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Spotlight: Chicano Batman

by Dean Budnick on March 29, 2017

“Bardo, our singer, was at a party one day and he was doodling,” explains Chicano Batman guitarist Carlos Arévalo as he details the origins of the band’s name, which also encapsulates the group’s musical mission statement. “He drew a little Batman-looking guy, but it looked like him: It had a little mustache and a little goatee. Instead of the cape, he drew a flannel, which is something that a Chicano would wear in LA. So that was it: Chicano Batman. And, obviously, you’re taking these two ideas—a pop culture symbol and a social-political symbol and combining them. As we progress as a group, it really represents who we are more and more because we’re representing our culture and diversity on platforms that people don’t often have the opportunities to reach. We’re making waves in a positive direction.”

The group is certainly reaching more sizable audiences than it did when it first came together back in 2008, performing a blend of Brazilian Tropicália psychedelic protest music and Latin American soul. Chicano Batman have opened arena gigs for Jack White, shared tour dates with Alabama Shakes and performed at Coachella. Last June, they even kicked off Bonnaroo’s Which Stage on Saturday afternoon. The Bonnaroo gig carried a particular challenge since the sun was bearing down on the quartet as they appeared in their customary dapper attire: tuxedo shirts and matching jackets.

As Arévalo looks back on the Bonnaroo experience, he shares insight into the band’s aesthetic: “We do sometimes have that moment where, due to climate reasons, we’re like, ‘Should we go full regalia this time? It’s pretty warm.’ But, every time, we decide that it’s part of the show, and part of the identity of the band is to pay homage to some of our favorite groups of the past. You look at Curtis Mayfield and The Impressions and The Temptations, or a group like Los Pasteles Verdes, or Los Ángeles Negros from South America, and they were wearing those ruffled shirt with the bowties and the vests and the full suits, and they would show up and give it everything. That’s what we’re trying to tap into, just trying to carry on that tradition.”

Freedom Is Free, Chicano Batman’s third full-length and first release on ATO Records, continues to build on those sounds. The group enlisted Leon Michels, who has performed with Sharon Jones & The Dap-Kings, The Black Keys and the Menahan Street Band, to produce the album. Michels tracked the sessions to analog tape at his Diamond Mine Recording studio in Long Island City, N.Y., successfully capturing the spirited live energy of Arévalo, frontman/ keyboard player Bardo Martinez, bassist Eduardo Arenas and drummer Gabriel Villa. Michels also brightened the vocal palette with the addition of Flor de Toloache, New York City’s first all-female mariachi band.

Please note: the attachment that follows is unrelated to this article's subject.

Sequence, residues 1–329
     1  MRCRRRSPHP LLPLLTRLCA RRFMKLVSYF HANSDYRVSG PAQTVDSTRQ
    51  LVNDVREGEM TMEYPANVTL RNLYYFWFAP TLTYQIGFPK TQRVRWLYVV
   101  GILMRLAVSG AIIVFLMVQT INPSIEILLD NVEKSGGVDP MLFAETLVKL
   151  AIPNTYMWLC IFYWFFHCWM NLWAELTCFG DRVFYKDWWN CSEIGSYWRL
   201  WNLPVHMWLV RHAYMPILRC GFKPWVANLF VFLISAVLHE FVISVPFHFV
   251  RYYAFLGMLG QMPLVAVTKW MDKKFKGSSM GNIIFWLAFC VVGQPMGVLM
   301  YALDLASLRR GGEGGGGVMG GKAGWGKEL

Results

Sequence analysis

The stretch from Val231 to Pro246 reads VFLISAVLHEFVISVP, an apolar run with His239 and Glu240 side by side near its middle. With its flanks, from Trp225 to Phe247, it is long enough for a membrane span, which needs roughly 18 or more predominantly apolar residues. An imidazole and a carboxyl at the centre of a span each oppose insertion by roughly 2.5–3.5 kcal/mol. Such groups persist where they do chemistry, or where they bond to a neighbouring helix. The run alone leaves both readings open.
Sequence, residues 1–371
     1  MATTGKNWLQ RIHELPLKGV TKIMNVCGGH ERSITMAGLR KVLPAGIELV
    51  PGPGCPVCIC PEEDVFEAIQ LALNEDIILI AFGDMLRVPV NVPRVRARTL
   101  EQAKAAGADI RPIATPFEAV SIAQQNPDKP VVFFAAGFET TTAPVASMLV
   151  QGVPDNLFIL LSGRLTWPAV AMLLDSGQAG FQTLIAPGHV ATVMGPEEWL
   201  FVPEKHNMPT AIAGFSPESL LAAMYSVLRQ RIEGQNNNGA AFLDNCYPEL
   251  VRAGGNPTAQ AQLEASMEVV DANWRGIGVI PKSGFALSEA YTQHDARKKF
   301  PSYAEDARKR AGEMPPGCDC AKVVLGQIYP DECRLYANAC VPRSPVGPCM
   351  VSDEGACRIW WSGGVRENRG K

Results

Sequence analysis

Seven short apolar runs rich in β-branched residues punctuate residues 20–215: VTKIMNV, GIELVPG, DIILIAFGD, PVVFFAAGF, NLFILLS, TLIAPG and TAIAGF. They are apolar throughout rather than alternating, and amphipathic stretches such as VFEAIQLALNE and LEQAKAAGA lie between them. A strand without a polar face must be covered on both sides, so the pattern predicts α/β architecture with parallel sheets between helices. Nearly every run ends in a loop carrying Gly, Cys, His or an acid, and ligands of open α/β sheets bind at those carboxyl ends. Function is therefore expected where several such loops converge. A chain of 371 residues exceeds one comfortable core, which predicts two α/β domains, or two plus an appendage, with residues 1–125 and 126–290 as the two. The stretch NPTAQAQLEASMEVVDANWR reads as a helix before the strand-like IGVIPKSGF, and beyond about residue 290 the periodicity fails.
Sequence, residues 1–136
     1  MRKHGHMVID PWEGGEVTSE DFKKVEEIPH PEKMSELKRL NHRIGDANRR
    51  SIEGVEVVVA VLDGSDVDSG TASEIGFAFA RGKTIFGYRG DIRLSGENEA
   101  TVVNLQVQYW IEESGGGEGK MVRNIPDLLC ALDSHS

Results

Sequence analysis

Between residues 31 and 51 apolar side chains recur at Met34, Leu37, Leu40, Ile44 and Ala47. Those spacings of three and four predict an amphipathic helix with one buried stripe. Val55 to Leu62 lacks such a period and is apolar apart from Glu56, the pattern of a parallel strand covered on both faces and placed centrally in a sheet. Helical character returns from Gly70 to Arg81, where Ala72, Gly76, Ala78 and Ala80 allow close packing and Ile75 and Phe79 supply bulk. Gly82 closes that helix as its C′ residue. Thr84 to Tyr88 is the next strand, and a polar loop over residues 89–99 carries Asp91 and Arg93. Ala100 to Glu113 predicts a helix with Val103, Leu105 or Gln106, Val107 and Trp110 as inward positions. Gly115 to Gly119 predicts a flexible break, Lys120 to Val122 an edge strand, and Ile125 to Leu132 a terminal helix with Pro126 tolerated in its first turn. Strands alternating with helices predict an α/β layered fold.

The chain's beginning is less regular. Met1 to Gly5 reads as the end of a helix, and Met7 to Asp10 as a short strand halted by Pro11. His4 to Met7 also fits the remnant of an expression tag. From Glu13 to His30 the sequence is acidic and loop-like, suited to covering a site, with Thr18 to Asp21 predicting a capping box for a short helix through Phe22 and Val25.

“Diamond Mine is the studio where they made Lee Fields’ record and Charles Bradley’s latest record,” Arévalo explains. “We knew that we wanted to work with Leon because of his production skills. You hear it on all his records, and those are records that we’ve been listening to for the past 10 years. That was definitely the sound e were going for: something that was referencing the classic, timeless era of music, but that still stands the test of time and can still be modern, in a sense. When you listen to his Lee Fields records, you hear the reference of old-school soul, but it’s still modern, forward-pushing soul. That’s what we wanted to do with our music: reference the music of the past, but still push forward and create something new and relevant.”

Chicano Batman aspired to remain true to the moment, in part, through the album’s lyrical themes. When they began writing the material during the summer of 2015, Chicano Batman found themselves commenting on issues of race and socioeconomic inequality. Even though the record is being released nearly two years after those initial songs were completed, these messages, unfortunately, still ring true.

Arévalo is eager to begin touring in support of Freedom Is Free. 79.5—the Brooklyn-based soul group that records for Michels’ Big Crown Records—will open the shows, and then their vocalists will stand in for Flor de Toloache.

“We’re excited to get on the road and play places that we’ve never been,” Arévalo affirms. “We’re gonna play Virginia for the first time. We’re gonna play Michigan for the first time and Toronto—it’ll be exciting recreating this album live with the singers from 79.5. It’s refreshing to have this challenge, where we have to play some really new stuff in front of an audience. Our goal is to play as many places as we can and bring it every night.”

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